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In my application, I have my Nodejs server send a JSON response. I found two ways to do this but I'm not sure what the differences are.

One way is

var json = JSON.stringify(result.rows);
response.writeHead(200, {'content-type':'application/json', 'content-length':Buffer.byteLength(json)}); 
response.end(json);

And my other way is

var json = JSON.stringify(result.rows);
response.setHeader('Content-Type', 'application/json');
response.end(json);

Both ways work and I'm just wondering what the difference is between the two and when I should use one over the other.

  • Docs? nodejs.org/api/… – Yury Tarabanko Jan 22 '15 at 16:51
  • 1
    Sure, I have read the docs. But my knowledge on response headers are limited and just wanted to mainly know when I should use one way over the other. – cYn Jan 22 '15 at 16:54
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    When you want to set a single header without setting statusCode use setHeader, when you want to set statusCode and a bunch of headers (optionally) use writeHead. (c) Captain Obvious – Yury Tarabanko Jan 22 '15 at 16:58
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    People on S.O. are so cruel with their downvotes. I see absolutely nothing wrong with this question. – Anthony Aug 8 '15 at 23:29
54

response.setHeader() allows you only to set a singular header.

response.writeHead() will allow you to set pretty much everything about the response head including status code, content, and multiple headers.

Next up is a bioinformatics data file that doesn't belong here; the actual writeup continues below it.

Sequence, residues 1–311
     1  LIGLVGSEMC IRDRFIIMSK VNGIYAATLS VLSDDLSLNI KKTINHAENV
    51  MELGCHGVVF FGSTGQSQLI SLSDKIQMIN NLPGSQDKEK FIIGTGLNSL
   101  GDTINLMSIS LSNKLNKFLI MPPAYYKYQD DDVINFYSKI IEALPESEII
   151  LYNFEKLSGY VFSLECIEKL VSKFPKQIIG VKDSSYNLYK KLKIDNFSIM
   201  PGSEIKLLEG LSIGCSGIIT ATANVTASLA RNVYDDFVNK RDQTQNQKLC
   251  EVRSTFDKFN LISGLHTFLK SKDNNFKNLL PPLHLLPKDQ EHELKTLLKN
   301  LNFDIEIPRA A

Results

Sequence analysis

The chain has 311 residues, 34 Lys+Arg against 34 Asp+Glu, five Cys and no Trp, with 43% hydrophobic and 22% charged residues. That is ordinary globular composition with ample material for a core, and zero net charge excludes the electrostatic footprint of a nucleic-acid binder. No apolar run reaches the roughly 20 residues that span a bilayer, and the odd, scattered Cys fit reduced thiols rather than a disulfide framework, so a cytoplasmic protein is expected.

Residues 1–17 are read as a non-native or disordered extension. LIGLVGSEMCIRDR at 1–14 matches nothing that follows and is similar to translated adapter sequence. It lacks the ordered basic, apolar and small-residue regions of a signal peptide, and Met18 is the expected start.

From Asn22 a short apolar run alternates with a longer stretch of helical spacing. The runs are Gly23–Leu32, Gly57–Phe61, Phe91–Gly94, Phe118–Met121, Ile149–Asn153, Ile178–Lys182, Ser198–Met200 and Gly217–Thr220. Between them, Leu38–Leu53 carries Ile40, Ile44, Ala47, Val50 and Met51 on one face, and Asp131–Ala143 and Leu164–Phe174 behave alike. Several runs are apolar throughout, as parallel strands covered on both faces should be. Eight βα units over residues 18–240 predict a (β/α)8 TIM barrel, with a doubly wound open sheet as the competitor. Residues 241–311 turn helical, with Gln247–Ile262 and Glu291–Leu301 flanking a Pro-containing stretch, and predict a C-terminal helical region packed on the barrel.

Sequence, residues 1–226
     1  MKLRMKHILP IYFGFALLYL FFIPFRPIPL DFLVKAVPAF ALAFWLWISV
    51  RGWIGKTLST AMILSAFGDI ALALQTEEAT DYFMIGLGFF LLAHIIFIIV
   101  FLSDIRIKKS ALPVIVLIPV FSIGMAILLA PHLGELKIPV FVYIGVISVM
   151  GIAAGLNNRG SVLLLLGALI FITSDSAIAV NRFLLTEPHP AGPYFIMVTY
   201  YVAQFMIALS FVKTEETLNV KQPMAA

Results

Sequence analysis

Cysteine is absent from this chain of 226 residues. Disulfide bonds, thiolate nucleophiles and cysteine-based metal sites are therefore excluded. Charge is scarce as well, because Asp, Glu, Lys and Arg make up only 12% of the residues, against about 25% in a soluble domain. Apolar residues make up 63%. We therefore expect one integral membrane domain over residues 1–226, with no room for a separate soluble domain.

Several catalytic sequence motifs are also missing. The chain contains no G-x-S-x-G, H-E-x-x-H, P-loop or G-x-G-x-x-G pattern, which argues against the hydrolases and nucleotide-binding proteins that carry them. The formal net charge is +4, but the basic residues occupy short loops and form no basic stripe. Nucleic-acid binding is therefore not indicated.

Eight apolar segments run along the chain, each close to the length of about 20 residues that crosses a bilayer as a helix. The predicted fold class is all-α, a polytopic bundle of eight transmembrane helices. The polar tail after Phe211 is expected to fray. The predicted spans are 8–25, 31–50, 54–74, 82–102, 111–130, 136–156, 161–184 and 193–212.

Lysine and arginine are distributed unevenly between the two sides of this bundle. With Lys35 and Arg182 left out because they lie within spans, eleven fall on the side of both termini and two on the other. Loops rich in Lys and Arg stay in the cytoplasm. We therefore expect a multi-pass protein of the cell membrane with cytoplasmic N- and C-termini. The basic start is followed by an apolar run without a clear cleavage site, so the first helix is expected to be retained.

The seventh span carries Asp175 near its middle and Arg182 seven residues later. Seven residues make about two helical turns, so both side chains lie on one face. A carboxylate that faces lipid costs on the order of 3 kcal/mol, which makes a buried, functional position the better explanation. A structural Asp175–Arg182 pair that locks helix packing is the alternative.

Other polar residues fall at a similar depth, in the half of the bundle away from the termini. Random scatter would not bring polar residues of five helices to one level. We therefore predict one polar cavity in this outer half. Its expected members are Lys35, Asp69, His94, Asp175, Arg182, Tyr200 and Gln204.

Consider the NodeJS docs:

response.setHeader(name, value)

Sets a single header value for implicit headers. If this header already exists in the to-be-sent headers, its value will be replaced. Use an array of strings here to send multiple headers with the same name.

var body = "hello world";
response.setHeader("Content-Length", body.length);
response.setHeader("Content-Type", "text/plain");
response.setHeader("Set-Cookie", "type=ninja");
response.status(200);

response.writeHead(statusCode[, statusMessage][, headers]))

Sends a response header to the request. The status code is a 3-digit HTTP status code, like 404. The last argument, headers, are the response headers. Optionally one can give a human-readable statusMessage as the second argument.

var body = "hello world";
response.writeHead(200, {
    "Content-Length": body.length,
    "Content-Type": "text/plain",
    "Set-Cookie": "type=ninja"
});
| improve this answer | |
  • 4
    This answer is guiding me into the direction of understanding it a bit more. Thank you for this. As you can see, both methods looks almost identical in code, thus causing my confusion. So I just wasn't understanding why I would use setHeader over writeHead if at the basic level, they're both doing the same thing. – cYn Jan 22 '15 at 17:20
  • res.statusCode = 200; not response.status(200); Tested in Node.js v5 – Bhaveshkumar Nov 19 '15 at 9:05
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    @Bhaveshkumar I'm seeing res.status() as valid and in the documentation. – zero298 Oct 19 '16 at 14:10
  • response.writeHead(200, { "Content-Type": "text/html"}); once header is set using writeHead it cannot be changed again this will also override headers set by setHeader nodejs.org/dist/latest-v13.x/docs/api/… – Dheeraj Feb 10 at 19:14
  • The other thing you don't mention here is that once you call response.writeHead(), the headers are sent and you can no longer set any more headers. Whereas response.setHeader() just configures what headers will be sent when they are sent sometime in the future and you can continue to set or modify headers until they are actually sent. – jfriend00 Jun 28 at 21:13

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